• He had shown a lack of realism and his criticisms were based on an unrealistic expectation of what the defendant was required to do. He had also applied the wrong test, substituting the approach he would have taken, and the result he would have reached, rather than considering what a reasonably competent monitoring surveyor would have done in the circumstances.
  • He had attempted to mislead the court with a selective quote from RICS guidance.
  • He had adopted an unreasonable approach, failing to make concessions at the experts' meeting and when giving evidence.

Instructing the same expert on a number of similar matters can be time and cost effective. This case illustrates however that there may come a point where the independence of the expert is called into doubt because of the closeness of the relationship with the instructing party. It also demonstrates the importance of ensuring the experts comply with their duties at each stage of the litigation process, and that they understand and give an opinion on the correct questions.

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Previous expert report did not have to be disclosed where change of expert was not “expert shopping”

The High Court has found that the defendants in this case did not have to disclose their previous experts' reports as a condition of obtaining permission for an extension of time to enable them to serve a report from a new expert: Vilca v Xstrata Limited [2017] EWHC 1582 (QB).

Previous Court of Appeal authorities have established that the court can, and ordinarily will, require a party to waive privilege in a previous expert’s report as a condition of granting permission to adduce evidence from a different expert (see for example Edwards-Tubb v J D Wetherspoon [2011] EWCA Civ 136, considered here).

The present case suggests that the reason for the change of expert may be a key factor in determining whether the court should attach such a condition – in particular whether there is any indication that the change is due to "expert shopping" (described by the court as the potentially disreputable practice of ditching an expert because he would not, for reasons good or bad, support a party's case) or will result in the court not having the full information. Here, there was no indication of that; the expert had resigned due to ill-health, and the judge was satisfied that disclosure of her draft report would not add anything in circumstances where each party would have evidence from an expert in which it had confidence.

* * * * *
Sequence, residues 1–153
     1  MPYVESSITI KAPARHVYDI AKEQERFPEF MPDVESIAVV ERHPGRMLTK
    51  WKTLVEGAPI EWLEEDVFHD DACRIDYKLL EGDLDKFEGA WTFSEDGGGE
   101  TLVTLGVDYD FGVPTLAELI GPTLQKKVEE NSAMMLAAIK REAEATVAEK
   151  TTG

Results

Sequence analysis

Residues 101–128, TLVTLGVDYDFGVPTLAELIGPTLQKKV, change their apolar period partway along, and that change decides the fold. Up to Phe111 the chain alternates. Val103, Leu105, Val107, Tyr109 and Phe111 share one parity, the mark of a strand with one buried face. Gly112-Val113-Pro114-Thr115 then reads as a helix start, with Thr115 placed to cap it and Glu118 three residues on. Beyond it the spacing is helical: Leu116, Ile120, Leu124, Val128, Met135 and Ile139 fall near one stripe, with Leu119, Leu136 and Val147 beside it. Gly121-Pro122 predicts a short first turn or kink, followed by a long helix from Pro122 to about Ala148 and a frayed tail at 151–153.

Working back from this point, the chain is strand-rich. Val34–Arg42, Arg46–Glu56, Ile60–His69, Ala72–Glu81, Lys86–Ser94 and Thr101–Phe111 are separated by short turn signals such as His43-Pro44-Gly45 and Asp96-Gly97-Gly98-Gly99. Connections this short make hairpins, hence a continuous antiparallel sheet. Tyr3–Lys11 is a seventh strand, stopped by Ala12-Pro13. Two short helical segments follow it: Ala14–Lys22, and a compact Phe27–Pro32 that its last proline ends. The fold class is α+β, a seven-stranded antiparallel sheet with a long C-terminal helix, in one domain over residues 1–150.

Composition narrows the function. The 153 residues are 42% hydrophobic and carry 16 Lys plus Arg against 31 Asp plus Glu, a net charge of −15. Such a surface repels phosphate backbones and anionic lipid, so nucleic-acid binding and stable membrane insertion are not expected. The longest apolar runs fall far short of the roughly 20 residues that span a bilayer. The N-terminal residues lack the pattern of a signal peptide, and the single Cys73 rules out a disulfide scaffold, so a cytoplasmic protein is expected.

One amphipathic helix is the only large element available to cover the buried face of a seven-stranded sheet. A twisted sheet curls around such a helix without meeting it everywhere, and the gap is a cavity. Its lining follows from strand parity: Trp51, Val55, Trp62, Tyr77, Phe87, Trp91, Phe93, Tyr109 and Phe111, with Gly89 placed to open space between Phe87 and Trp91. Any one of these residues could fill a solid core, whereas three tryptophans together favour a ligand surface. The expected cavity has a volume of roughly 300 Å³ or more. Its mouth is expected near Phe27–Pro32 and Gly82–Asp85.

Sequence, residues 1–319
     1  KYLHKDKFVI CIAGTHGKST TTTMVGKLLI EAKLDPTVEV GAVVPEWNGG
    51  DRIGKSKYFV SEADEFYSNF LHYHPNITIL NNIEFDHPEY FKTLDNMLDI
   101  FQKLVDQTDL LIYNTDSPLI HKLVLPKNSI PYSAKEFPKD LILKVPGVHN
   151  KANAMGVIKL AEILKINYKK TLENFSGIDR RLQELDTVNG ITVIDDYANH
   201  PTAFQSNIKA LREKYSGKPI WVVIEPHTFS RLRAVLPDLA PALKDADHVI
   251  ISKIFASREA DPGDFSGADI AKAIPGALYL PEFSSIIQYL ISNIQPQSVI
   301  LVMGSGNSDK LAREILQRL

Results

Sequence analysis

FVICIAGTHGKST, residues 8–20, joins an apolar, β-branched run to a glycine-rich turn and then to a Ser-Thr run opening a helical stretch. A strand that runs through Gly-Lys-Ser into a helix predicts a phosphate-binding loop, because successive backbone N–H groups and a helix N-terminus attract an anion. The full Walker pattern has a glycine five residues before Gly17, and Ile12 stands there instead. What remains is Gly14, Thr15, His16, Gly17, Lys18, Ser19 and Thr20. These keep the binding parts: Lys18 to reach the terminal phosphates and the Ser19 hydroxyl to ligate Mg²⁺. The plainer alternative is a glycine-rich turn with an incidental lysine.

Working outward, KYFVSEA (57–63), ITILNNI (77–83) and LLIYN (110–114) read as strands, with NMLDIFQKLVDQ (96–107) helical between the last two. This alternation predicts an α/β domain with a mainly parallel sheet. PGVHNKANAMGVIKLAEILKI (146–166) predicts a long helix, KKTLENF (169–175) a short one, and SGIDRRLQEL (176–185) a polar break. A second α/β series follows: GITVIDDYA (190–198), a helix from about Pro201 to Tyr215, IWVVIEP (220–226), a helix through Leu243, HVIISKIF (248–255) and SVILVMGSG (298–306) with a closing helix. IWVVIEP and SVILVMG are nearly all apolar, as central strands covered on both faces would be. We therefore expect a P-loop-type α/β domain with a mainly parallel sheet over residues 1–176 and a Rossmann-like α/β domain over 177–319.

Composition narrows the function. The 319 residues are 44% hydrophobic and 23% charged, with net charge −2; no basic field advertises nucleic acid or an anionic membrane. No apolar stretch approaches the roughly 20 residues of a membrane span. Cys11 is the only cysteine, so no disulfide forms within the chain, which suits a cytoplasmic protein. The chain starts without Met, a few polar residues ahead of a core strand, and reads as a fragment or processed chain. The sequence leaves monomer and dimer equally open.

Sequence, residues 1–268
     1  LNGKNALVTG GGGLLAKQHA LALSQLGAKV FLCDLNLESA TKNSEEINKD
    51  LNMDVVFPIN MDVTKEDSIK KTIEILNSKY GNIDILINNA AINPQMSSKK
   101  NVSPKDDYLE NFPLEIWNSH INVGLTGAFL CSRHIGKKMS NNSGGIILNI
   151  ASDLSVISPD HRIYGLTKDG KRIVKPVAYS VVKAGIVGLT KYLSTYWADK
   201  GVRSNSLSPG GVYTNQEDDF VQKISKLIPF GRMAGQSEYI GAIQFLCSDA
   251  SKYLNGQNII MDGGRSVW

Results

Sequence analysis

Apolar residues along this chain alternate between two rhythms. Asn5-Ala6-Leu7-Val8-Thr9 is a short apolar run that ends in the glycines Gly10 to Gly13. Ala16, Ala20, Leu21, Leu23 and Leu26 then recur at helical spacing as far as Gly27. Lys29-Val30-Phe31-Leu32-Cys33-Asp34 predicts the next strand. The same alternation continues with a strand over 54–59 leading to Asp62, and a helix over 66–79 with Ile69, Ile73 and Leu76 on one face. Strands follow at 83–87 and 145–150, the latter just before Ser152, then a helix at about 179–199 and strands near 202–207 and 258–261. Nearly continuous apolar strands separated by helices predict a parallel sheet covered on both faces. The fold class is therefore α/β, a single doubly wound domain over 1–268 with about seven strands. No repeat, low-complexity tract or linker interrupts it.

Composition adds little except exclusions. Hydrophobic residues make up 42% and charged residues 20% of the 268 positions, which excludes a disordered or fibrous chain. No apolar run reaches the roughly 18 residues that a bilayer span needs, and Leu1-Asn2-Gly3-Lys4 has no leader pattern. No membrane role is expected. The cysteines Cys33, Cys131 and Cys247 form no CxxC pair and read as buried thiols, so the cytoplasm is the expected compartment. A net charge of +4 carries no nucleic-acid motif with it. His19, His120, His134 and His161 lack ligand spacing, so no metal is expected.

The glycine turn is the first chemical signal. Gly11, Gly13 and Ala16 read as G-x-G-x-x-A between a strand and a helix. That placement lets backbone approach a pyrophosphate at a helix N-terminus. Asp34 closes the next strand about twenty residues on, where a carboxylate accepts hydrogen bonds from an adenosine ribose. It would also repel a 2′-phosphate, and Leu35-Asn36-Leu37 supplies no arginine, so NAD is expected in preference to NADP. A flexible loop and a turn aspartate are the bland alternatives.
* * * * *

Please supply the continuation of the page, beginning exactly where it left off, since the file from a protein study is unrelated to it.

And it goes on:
Some other first instance decisions have taken what is arguably a different approach, requiring disclosure despite there being no strong indication of expert shopping – in BMG (Mansfield) Ltd v Galliford Try Construction Ltd [2013] EWHC 3183 (TCC) (considered here) where the expert was almost 70 and did not want to continue acting, and in Allen Tod Architecture Ltd v Capita Property and Infrastructure Ltd [2016] EWHC 2171(TCC) (considered here) where the party had lost confidence in the expert because he was unable to express his views clearly.

As a practical matter, therefore, parties who wish to change experts, and who need the indulgence of the court to be able to do so, should assume that they may need to disclose any previous reports (or draft reports or other documents setting out the previous expert's views) as the "price" of that indulgence – though the court may decide otherwise in an appropriate case, as this case demonstrates.

Rachel Lidgate and Anthea Brookes, a partner and an associate in our dispute resolution team, consider the recent decision further below.

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New provisions for concurrent expert evidence or “hot-tubbing”

The Civil Procedure Rule Committee has approved amendments to Practice Direction 35.11, which governs the procedure for concurrent expert evidence, or "hot-tubbing", which was formally introduced into English civil procedure by the Jackson reforms. The amendments implement a number of recommendations made by the Civil Justice Council report on Concurrent Expert Evidence & ‘Hot-Tubbing’ in English Litigation since the ‘Jackson Reforms’ which was published on 1 August 2016.